By the time the Indonesian War of Independence broke out in 1945, the different populations of the Indonesian archipelago had already endured the Dutch colonial presence for almost 350 years. In the 19th century, the Dutch had subjugated most of the native population and consolidated the many different islands into the colony known as the Dutch East Indies.
World War II meant that the Netherlands were occupied by Nazi Germany and the East Indies by Imperial Japan. In the occupation the Indonesian nationalist independence movement was catalyzed. When the Japanese were eventually defeated by the Allies, leaders of the movement proclaimed Indonesian independence. The newly liberated Dutch sent a military force to reoccupy and restore the Dutch East Indies.
The independence war that followed, lasted for 4 years, and saw the Indonesians maintain their independence. It also saw the Dutch develop a national trauma over the loss of its colony and over the conduct of its military.
For decades in the Netherlands, history lessons and public discourse have covered this colonial war euphemistically. The word ‘war’ was avoided, instead describing the conflict as ‘police actions’. In recent years the tide has been turning and more and more publications are re-examining the events that transpired during this conflict and its aftermath. And so, a new generation is looking into their own family histories.
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Director Jim Taihuttu explored the story of his great-grandfather, a Moluccan KNIL-soldier serving the Dutch crown during the Indonesian War of Independence. After the war, he was ordered by the Dutch government to travel to the Netherlands, where he was stripped of his rank as were his compatriots. Taihuttu was determined to tell this part of history that was barely taught in schools while he was growing up. His feature film about this history, De Oost (The East), was released in 2021 and produced by New Amsterdam Film Company.
De Oost takes place during the Indonesian War of Independence and tells the story of a young Dutch recruit named Johan (Martijn Lakemeier) who joins an elite army squad led by a man known as “The Turk” (Marwan Kenzari). As the fight against Indonesian freedom fighters becomes increasingly brutal under the helm of the infamous captain, Johan is forced to reconsider his beliefs to the point of complete disillusionment. This is the first film of its kind, telling an untold story based on true events that touched the lives of millions of Dutch people.
Context & Website
The amount of interesting archival material that came out of the research for the film, prompted producer New Amsterdam Film Company to approach Hyper Epic. What relevant and impactful project could be produced with this material to be released alongside the film? The case Hyper Epic made was a context campaign aimed at highlighting the many different perspectives on this history, which resulted in De Wereld van de Oost (the world of De Oost), developed with Christoph van Veghel and Ariadne Asimakopoulos.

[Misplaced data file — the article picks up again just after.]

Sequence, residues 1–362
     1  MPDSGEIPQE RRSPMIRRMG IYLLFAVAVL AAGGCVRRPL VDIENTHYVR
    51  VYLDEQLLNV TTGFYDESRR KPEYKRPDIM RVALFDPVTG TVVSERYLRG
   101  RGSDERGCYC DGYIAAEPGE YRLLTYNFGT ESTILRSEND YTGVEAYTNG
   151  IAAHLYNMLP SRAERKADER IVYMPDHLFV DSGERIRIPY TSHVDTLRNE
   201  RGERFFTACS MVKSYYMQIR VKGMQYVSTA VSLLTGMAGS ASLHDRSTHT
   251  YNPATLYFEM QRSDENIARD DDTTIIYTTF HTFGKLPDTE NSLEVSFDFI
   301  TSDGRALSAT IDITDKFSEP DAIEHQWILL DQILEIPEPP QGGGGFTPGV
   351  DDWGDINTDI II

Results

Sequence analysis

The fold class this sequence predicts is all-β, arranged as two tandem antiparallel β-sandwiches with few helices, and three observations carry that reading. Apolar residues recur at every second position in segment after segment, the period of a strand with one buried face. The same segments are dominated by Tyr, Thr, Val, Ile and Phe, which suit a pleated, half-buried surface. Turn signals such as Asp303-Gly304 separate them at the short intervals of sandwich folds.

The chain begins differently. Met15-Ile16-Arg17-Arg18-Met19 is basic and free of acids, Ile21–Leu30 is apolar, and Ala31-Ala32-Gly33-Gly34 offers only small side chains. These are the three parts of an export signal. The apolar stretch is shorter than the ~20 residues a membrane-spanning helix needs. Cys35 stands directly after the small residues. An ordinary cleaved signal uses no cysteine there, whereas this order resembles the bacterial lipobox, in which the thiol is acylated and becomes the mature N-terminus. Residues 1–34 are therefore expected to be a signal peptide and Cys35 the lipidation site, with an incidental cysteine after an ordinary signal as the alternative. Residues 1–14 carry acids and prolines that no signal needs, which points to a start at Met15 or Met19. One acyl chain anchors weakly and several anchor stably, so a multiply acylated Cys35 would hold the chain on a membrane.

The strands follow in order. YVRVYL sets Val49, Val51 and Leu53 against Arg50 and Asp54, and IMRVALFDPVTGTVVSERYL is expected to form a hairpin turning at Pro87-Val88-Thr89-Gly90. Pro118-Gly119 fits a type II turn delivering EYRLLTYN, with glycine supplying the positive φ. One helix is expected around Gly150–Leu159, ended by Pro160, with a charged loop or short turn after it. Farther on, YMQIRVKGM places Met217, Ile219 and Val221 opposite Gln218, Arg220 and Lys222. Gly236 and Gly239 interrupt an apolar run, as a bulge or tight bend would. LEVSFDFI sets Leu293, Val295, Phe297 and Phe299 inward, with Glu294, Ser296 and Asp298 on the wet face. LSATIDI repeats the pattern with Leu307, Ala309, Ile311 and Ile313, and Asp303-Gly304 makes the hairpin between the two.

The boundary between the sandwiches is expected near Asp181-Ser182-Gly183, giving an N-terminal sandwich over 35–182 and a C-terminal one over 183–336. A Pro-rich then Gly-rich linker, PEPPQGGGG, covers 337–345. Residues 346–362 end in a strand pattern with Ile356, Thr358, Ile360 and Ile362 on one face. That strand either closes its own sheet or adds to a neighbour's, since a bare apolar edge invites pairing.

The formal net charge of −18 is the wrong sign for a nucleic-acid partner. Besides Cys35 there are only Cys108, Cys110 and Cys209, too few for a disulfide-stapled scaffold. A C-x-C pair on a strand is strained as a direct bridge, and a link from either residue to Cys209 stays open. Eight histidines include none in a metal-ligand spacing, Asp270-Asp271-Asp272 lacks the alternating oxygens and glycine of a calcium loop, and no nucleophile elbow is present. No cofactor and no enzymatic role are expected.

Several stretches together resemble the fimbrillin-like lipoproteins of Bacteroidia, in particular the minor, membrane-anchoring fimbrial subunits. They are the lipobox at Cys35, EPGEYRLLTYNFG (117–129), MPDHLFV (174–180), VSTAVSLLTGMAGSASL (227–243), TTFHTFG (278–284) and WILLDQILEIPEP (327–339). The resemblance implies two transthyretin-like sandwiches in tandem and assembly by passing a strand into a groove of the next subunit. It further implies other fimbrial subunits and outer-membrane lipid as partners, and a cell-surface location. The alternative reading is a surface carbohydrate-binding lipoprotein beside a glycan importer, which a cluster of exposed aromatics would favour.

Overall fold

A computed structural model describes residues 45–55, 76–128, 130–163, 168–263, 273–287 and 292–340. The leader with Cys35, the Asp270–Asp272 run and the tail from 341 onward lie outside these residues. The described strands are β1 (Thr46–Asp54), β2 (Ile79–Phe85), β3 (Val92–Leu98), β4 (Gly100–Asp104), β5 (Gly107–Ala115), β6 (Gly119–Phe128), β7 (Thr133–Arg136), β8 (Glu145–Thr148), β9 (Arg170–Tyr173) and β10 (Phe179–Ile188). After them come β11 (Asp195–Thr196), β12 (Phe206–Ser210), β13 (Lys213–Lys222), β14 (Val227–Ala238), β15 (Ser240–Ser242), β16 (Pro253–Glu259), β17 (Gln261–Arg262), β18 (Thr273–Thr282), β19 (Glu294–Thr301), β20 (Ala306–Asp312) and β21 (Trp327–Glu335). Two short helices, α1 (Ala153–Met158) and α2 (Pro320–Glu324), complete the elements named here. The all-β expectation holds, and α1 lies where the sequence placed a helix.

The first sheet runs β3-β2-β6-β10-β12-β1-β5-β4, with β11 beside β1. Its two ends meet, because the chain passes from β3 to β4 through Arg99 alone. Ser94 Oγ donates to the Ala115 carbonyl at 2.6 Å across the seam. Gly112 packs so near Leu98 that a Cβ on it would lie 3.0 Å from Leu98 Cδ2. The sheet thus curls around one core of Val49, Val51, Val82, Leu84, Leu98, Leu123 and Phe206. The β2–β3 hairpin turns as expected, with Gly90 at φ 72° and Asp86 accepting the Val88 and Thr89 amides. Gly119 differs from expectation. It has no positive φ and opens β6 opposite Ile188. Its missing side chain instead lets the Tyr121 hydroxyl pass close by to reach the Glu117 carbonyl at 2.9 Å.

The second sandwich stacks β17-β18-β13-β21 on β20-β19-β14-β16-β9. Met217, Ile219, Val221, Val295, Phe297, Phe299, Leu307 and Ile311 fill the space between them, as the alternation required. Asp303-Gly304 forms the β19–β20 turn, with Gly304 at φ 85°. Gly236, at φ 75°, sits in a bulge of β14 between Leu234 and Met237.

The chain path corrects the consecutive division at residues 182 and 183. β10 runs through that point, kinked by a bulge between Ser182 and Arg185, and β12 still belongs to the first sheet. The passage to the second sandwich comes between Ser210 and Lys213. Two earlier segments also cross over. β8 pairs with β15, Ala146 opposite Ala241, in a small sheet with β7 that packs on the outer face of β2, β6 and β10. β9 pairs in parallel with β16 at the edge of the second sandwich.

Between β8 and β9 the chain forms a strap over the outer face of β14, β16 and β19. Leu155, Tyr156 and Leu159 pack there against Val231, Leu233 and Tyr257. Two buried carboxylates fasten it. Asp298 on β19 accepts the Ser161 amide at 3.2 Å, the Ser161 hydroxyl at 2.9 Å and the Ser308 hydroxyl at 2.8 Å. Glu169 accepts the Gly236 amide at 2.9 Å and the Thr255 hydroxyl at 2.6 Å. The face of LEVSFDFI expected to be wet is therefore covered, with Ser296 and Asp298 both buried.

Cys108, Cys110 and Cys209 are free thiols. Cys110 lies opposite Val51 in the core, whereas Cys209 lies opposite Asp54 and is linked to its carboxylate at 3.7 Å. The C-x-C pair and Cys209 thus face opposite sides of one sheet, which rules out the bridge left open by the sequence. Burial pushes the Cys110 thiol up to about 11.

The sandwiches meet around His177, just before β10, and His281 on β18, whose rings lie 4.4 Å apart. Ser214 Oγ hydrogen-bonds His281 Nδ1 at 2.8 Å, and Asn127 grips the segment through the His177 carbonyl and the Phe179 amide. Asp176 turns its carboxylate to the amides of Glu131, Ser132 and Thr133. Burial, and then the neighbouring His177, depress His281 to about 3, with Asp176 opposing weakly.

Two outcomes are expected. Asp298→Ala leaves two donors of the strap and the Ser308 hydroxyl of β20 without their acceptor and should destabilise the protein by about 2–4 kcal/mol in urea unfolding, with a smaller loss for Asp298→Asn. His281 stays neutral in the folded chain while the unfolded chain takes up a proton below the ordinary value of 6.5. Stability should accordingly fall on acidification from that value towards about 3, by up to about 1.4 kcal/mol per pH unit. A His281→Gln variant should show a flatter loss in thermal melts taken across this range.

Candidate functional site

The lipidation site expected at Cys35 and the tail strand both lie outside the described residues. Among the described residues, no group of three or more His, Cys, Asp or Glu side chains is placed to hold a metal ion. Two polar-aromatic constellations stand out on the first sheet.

Whilst the film tells the concise story of a young Dutch recruit in the ‘colonial’ army, this has also been the ‘default’ perspective in the telling of this history in the Netherlands. The context campaign therefore aimed to add more diverse perspectives from other groups like the local civilian population, the Indonesian freedom fighters, the Dutch authorities and the Moluccan soldiers that fought on the Dutch side. Each of the perspectives was explored through characters from the film itself. The perspective are central to a dedicated website for De Wereld van de Oost and the main framework for exploring the rich content of the context campaign.
The content for De Wereld van de Oost was created by combining various several elements. Besides clips and photographs from the feature film, fictional primary sources about the main characters’ experiences during the conflict were written by Ariadne Asimakopoulos and Lyangelo Vasquez.
As part of the research, countless archives were combed out for material to visually enrich a wealth of articles and stories to provide historical background, written by Jazzy Taihuttu, Edward Liddiard, Ariadne Asimakopoulos and Lyangelo Vasquez. Interviews with cast and crew were filmed by Julius Ponten and Lyangelo Vasquez, illustrating how many of the people involved had a personal family connection with this history. Web design and programming were done with Sander de Vogel.
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Besides content, the website for De Wereld van de Oost, also offers educational materials and workshops for high schools, developed by Jazzy Taihuttu. The package of educational materials and workshops has distributed to schools throughout the Netherlands and is now becoming part of Dutch history curriculum at high schools.
Partners New Amsterdam Film Company
Link De Wereld van de Oost Website